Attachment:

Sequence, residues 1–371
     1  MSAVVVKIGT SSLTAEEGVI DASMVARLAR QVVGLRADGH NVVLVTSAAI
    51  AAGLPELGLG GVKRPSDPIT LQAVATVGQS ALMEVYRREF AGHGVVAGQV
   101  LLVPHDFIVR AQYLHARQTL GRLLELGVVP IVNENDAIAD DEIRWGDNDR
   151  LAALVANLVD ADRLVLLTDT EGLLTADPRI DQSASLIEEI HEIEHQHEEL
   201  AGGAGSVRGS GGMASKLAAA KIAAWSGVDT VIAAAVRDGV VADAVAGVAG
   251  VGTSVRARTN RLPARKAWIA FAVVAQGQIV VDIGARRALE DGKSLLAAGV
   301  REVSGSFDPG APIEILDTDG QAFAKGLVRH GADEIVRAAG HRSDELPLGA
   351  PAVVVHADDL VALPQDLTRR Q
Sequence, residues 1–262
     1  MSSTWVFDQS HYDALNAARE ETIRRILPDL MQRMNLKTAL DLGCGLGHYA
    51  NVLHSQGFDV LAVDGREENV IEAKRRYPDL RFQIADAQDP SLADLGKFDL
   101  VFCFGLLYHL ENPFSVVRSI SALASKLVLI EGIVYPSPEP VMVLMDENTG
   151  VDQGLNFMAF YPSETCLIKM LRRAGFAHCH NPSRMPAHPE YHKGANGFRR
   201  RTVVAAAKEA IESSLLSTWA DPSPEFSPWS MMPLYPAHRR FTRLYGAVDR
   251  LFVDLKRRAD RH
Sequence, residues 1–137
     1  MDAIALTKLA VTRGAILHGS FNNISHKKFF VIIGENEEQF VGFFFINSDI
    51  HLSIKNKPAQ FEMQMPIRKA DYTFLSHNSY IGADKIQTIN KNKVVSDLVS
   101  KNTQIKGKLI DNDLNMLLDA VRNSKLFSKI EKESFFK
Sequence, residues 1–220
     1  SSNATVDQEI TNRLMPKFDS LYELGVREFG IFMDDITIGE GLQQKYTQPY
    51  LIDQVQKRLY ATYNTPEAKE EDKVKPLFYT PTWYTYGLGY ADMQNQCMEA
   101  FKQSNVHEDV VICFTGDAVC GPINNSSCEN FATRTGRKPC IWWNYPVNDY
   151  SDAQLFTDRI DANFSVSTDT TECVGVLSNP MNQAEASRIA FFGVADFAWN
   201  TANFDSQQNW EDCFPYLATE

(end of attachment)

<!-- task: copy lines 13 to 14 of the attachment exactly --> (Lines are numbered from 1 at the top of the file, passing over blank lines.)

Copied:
   101  VFCFGLLYHL ENPFSVVRSI SALASKLVLI EGIVYPSPEP VMVLMDENTG
   151  VDQGLNFMAF YPSETCLIKM LRRAGFAHCH NPSRMPAHPE YHKGANGFRR